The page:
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Parsonage-Turner syndrome following post-exposure prophylaxis.

Fransz DP, Schönhuth CP, Postma TJ, van Royen BJ - BMC Musculoskelet Disord (2014)

Bottom Line: No currently available tests can provide a definite confirmation or exclusion of PTS.Supplementary administration of oral prednisolone could shorten the duration of pain.Although the outcome is typically preferable, a substantial amount of patients are left with some residual paresis and functional impairment.

View Article: PubMed Central - HTML - PubMed

Affiliation: Department of Orthopaedic Surgery, VU University Medical Center, PO Box 7057, 1007 MB Amsterdam, The Netherlands. c.schonhuth@vumc.nl.

ABSTRACT

Background: The 'Parsonage-Turner syndrome' (PTS) is a rare but distinct disorder with an abrupt onset of shoulder pain, followed by weakness and atrophy of the upper extremity musculature, and a slow recovery requiring months to years. To our best knowledge, this is the first case describing symptoms and signs of PTS following the administration of a post-exposure prophylaxis (PEP) regimen against possible human immunodeficiency virus (HIV) and hepatitis B virus (HBV) infection.

Case presentation: A 25-year-old Caucasian man presented with pain and unilateral scapular winging following PEP against possible HIV and HBV infection. Although atrophy and weakness were observed for the right supraspinatus muscle, a full range of motion was achievable. Neurological examination, plain radiography of the right shoulder and electromyography showed no additional abnormalities. The patient was diagnosed with post-vaccination PTS and treated non-operatively. During the following 15 months the scapular winging receded and full muscle strength was regained.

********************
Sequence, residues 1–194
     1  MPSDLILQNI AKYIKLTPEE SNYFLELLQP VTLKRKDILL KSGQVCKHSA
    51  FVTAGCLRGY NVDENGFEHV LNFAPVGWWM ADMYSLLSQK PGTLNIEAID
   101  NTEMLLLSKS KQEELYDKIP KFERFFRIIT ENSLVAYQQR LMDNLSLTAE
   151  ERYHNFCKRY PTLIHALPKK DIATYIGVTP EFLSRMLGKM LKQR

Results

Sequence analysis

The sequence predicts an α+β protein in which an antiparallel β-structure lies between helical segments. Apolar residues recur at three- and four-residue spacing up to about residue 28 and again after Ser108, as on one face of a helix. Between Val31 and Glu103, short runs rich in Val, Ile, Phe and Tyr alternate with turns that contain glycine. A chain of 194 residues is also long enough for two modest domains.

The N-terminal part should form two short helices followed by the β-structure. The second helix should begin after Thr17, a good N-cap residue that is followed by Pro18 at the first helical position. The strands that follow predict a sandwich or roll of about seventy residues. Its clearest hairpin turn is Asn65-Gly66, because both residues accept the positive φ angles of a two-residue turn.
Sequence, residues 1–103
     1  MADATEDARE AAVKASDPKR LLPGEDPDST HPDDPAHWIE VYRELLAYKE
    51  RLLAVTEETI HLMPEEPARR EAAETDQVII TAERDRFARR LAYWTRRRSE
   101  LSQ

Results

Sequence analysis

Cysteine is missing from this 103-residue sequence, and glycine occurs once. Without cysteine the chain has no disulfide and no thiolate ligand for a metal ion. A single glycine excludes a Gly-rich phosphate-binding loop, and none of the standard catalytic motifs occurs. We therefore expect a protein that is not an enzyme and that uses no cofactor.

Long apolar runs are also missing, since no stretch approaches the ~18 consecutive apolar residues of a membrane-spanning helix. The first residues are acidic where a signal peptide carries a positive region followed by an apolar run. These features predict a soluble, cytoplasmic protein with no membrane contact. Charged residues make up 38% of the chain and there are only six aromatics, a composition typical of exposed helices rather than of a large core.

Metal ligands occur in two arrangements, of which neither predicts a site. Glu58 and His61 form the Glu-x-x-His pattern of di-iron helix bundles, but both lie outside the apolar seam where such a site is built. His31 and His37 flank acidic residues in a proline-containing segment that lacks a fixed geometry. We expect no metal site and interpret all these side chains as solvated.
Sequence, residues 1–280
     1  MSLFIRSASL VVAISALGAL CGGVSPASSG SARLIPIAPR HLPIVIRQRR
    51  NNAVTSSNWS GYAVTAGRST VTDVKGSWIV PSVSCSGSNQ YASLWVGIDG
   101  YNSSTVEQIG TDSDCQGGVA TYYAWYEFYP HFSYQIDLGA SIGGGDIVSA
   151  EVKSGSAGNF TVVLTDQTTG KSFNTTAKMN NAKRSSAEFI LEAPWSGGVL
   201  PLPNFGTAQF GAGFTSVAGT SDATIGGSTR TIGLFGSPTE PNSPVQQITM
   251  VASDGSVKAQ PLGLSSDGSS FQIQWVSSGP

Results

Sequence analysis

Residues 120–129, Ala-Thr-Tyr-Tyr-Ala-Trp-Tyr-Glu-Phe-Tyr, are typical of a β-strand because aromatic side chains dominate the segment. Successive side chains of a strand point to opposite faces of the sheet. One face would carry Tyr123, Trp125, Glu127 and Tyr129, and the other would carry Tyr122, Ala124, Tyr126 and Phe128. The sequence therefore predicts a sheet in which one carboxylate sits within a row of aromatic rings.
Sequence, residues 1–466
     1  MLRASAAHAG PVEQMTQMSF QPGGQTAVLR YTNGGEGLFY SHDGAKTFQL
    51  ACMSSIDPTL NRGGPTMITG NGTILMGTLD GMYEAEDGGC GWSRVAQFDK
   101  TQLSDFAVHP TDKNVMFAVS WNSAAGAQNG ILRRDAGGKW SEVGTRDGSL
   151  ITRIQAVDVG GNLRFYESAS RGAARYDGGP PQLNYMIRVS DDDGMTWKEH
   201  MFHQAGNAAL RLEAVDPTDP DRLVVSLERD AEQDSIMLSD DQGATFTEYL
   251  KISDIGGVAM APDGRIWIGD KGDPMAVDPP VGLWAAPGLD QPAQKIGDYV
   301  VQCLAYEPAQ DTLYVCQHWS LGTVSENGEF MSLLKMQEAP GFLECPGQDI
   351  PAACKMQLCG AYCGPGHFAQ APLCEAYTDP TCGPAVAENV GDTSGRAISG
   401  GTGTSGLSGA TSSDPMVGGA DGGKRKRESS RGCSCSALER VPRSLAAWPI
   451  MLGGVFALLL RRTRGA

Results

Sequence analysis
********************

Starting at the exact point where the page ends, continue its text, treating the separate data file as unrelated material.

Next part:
Conclusion: Parsonage-Turner syndrome is a rare clinical diagnosis. The precise pathophysiological mechanism of PTS remains unclear, but it seems to involve an interaction between genetic predisposition, mechanical vulnerability and an autoimmune trigger. An immunological event, such as - in this case - a vaccination as part of PEP treatment, can trigger the onset of PTS. The clinical presentation is distinctive with acute severe pain followed by patchy paresis, atrophy and sensory symptoms that persist for months to years. No currently available tests can provide a definite confirmation or exclusion of PTS. Routine blood examination, electromyography (EMG), and computed tomography (CT) or magnetic resonance imaging (MRI) serve mainly to exclude other disorders. The recovery can be quite lengthy, non-operative treatment is the accepted practice. Supplementary administration of oral prednisolone could shorten the duration of pain. Although the outcome is typically preferable, a substantial amount of patients are left with some residual paresis and functional impairment.

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Clinical presentation after 15 months. A, B &C. Complete recovery of scapular winging and no residual atrophy. Photographs were taken fifteen months after initial presentation.
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Figure 3: Clinical presentation after 15 months. A, B &C. Complete recovery of scapular winging and no residual atrophy. Photographs were taken fifteen months after initial presentation.